Another part of your due diligence should involve the type of work that the practice performs. Post Enron, the Big Four consulting firms spend a great deal of time on audit support and internal control projects and less and less time on strategy. Also, some risk consulting firms specialize in strategy, while others are largely integrators, or risk practices of IT firms. If you are trying to fill a void in your resume around risk systems, a place like IBM Consulting can be a good stop. If you want strategy work, take a look at Mercer Oliver Wyman. If you enjoy risk consulting around ratings, S&P’s Risk Solutions Group is a firm to consider. Finally, MoodysKMV offers interesting opportunities that are similar to consulting.

If you aspire to become a partner at a consulting firm, think again. While this is certainly possible, consulting firms are highly levered (many staff per partner) and my advice would be to take a look forward, and consider whether or not you can develop critical additional skills and experience in two to three years. If you love it, you can always stay longer, but view consulting on a short term horizon. Most people believe that consultants get more value from a firm during the first two years, it becomes a wash in years three and four, and after four years the firm is getting much more out of the arrangement than the consultant.

With regards to compensation, rarely do consulting firms compensate risk professionals like banks and investment banks. While some firms pay market rates, including MKMV, most consulting firms pay first quartile compensation as compared to the universe of employers for the skill set. Consider what you are getting from consulting – experience, skills, compensation – and decide if the deal is fair.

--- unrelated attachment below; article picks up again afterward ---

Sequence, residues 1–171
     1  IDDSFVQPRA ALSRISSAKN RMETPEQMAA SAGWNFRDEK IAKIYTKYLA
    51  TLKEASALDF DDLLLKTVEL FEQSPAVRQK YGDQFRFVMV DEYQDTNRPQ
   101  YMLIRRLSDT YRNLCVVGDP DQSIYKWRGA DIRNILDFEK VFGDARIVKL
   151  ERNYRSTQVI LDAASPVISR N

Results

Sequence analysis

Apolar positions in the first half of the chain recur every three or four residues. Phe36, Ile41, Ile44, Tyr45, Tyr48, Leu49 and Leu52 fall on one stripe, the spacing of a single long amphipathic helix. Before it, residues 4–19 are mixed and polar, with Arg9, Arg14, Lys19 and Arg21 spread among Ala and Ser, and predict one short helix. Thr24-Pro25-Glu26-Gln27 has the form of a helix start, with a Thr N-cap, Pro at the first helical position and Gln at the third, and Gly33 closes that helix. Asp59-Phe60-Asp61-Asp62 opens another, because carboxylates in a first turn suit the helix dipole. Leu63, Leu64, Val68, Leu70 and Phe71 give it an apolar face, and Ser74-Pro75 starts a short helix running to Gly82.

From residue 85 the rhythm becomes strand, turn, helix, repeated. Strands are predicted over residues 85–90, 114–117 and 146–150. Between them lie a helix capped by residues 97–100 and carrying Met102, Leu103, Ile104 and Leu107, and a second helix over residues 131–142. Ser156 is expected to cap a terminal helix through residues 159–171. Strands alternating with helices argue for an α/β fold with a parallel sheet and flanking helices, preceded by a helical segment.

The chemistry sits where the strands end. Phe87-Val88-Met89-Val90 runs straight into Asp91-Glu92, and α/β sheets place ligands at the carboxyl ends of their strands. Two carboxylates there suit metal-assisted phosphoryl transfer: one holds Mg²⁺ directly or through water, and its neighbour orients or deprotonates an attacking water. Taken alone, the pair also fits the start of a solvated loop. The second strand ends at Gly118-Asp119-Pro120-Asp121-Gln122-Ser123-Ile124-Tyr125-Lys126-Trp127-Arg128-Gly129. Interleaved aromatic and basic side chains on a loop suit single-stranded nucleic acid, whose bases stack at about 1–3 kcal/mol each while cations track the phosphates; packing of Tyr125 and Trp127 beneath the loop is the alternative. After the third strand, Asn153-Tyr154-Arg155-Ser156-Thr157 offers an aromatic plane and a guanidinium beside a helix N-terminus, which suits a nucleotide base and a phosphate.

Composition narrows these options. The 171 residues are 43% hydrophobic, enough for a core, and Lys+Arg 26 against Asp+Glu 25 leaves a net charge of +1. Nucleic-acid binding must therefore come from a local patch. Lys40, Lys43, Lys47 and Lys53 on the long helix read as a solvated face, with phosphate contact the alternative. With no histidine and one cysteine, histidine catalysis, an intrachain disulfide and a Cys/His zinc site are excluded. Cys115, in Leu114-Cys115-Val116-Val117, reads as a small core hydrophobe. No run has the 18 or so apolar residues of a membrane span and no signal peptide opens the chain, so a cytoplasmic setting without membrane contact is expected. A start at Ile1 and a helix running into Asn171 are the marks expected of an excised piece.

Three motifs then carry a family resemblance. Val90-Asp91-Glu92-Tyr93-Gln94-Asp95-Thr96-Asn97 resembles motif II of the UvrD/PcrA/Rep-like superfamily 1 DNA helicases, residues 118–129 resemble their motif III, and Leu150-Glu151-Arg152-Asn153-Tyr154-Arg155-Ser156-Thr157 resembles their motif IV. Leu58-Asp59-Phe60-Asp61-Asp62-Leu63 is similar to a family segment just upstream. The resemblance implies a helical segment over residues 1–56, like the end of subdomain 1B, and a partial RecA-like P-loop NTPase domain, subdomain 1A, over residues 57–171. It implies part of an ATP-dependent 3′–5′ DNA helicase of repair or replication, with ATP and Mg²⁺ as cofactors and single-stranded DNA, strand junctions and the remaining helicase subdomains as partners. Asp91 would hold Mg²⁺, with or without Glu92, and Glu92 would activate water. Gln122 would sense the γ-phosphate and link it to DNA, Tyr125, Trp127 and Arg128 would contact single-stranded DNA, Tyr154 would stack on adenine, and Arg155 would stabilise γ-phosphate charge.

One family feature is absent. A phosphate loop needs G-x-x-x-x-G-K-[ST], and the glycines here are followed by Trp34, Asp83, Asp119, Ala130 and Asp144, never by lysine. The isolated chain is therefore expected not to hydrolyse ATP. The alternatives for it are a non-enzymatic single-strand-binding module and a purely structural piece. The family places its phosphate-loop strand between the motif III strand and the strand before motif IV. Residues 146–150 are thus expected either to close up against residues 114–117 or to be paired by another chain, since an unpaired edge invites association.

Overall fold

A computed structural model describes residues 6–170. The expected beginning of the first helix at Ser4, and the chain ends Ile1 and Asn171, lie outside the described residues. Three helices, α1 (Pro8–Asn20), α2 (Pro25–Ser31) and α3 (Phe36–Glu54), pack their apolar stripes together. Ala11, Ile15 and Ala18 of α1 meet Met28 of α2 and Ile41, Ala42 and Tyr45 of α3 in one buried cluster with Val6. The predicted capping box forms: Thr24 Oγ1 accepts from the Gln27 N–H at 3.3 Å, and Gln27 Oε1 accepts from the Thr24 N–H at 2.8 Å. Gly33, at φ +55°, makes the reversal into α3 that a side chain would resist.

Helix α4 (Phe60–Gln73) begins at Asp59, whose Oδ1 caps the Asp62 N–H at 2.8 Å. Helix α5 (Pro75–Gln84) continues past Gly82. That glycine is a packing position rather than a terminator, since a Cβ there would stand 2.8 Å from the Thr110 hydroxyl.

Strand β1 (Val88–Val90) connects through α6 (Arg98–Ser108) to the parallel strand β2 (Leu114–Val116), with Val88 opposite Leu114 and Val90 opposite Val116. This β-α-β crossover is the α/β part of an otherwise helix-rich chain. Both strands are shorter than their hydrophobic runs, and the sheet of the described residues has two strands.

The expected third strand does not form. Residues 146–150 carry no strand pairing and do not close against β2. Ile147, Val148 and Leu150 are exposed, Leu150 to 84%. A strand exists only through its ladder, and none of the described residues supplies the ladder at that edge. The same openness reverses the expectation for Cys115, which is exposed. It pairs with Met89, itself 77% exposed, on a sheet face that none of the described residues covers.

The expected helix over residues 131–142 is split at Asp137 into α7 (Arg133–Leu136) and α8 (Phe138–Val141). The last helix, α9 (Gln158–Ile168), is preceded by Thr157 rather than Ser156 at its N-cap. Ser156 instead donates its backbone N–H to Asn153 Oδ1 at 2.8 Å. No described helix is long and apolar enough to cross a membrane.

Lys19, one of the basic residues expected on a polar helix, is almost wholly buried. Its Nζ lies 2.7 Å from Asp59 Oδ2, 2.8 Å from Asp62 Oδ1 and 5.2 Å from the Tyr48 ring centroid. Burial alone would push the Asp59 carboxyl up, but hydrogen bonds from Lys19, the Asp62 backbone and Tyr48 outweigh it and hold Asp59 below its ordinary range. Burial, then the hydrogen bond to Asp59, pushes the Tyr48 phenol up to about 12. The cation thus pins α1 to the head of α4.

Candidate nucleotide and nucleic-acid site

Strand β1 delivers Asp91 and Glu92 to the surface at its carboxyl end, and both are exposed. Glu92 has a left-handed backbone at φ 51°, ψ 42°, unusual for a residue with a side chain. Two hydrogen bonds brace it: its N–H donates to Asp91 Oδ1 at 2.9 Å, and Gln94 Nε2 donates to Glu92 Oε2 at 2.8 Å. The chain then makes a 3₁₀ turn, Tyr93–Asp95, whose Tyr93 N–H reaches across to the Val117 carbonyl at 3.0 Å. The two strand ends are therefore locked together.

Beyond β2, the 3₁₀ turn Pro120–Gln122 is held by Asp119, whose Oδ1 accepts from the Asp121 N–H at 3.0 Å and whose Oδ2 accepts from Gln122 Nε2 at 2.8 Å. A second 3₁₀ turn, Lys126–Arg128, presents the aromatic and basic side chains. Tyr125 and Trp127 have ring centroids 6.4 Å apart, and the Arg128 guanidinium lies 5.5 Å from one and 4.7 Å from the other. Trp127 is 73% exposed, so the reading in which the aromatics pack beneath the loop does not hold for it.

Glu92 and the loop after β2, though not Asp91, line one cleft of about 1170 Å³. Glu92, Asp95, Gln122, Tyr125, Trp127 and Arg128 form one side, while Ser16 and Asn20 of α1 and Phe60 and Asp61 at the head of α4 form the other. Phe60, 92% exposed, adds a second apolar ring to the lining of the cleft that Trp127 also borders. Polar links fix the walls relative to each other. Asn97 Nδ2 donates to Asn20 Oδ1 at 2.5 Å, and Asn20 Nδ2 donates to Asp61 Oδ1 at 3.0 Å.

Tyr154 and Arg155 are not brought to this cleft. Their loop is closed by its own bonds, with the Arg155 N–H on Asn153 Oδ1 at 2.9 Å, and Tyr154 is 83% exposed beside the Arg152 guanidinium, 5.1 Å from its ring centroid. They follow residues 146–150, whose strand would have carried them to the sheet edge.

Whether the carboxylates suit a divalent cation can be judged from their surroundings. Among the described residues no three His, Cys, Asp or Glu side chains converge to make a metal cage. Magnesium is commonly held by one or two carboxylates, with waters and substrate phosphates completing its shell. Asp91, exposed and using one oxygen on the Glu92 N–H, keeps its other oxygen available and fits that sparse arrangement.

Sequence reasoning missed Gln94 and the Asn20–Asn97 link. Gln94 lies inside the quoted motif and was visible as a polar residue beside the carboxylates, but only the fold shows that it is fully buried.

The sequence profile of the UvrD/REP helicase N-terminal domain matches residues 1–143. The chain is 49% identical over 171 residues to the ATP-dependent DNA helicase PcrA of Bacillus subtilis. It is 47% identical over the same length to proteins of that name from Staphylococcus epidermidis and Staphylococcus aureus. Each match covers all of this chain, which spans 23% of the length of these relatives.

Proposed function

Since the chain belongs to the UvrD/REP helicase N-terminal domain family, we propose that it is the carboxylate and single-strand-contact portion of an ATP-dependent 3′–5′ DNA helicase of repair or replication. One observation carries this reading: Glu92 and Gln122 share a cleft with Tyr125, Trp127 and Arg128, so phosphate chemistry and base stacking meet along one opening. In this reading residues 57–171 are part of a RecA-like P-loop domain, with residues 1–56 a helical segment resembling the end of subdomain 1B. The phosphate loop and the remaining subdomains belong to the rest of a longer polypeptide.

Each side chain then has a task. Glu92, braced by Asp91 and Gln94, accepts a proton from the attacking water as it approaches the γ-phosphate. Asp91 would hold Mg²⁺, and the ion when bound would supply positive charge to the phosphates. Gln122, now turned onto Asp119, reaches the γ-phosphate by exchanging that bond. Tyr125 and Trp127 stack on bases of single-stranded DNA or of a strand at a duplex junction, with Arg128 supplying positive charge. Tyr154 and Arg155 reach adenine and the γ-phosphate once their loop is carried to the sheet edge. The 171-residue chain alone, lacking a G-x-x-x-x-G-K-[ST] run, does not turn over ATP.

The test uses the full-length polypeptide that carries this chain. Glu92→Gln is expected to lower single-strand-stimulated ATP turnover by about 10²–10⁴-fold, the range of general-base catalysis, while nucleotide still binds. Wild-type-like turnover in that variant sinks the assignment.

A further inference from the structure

Finally, a note to recruiters at consulting firms. Your job is the toughest in the industry. Most consulting firm partners don’t understand the issues listed above. Do your best to convince them that risk professionals are highly sought after in the financial services marketplace. Since consulting firms are typically built from the bottom up with campus recruiting, it is difficult to add manager level talent. Often the people who are interested in these roles are more expensive and appear less skilled than the “home grown” consulting manager. The only way to stay close on headcount requirements in the current market is to source talent that has proven success (promotions, awards, etc) but who likely also has one key skill missing. Hire that person and then help them address the single void. You will find that most people can fill in that void in three to six months. This person will be successful for your firm, and will likely stay longer and be more loyal because you have given her something that she values.

Michael Woodrow
Risk Talent Associates LLC

About Risk Talent Associates
Risk Talent Associates ( is the leading international executive search firm focused exclusively on positions in the fields of market, credit and operational risk, as well as financial compliance and risk technology. Risk Talent's expertise, industry knowledge, proprietary network and dedicated focus shorten the recruiting process to deliver senior and mid-level risk managers in the capital markets, asset management, energy, consulting and software industries. Risk Talent has offices in New York, Chicago, London and Hong Kong.
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Industry Focus